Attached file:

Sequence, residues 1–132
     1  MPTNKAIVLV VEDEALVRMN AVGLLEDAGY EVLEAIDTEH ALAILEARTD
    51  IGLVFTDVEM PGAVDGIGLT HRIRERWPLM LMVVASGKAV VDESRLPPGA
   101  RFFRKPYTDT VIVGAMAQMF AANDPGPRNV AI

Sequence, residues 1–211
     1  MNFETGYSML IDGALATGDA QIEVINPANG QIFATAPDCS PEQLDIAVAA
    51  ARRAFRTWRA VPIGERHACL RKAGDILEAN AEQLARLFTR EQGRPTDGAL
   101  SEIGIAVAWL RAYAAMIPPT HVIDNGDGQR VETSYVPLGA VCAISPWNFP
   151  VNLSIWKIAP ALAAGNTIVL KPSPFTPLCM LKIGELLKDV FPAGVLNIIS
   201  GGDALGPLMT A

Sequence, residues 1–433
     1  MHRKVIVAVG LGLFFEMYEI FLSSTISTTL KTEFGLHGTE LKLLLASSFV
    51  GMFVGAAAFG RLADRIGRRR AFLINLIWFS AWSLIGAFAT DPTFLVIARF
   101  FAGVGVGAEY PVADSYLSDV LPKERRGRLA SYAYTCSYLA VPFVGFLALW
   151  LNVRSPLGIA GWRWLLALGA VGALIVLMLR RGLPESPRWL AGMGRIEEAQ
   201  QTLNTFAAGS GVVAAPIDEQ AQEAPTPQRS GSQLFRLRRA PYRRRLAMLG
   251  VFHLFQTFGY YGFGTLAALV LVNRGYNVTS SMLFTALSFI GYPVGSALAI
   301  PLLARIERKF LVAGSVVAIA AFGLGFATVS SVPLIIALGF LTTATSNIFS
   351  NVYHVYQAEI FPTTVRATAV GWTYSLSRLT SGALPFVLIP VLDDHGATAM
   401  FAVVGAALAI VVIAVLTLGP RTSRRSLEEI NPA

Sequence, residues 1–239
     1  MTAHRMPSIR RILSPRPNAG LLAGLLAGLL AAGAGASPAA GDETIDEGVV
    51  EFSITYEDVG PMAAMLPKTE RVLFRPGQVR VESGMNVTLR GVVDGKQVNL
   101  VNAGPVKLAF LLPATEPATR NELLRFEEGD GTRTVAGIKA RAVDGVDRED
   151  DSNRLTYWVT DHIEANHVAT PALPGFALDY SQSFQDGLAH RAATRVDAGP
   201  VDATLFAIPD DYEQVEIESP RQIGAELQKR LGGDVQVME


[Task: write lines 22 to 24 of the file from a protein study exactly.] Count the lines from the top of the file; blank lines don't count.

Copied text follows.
     1  MTAHRMPSIR RILSPRPNAG LLAGLLAGLL AAGAGASPAA GDETIDEGVV
    51  EFSITYEDVG PMAAMLPKTE RVLFRPGQVR VESGMNVTLR GVVDGKQVNL
   101  VNAGPVKLAF LLPATEPATR NELLRFEEGD GTRTVAGIKA RAVDGVDRED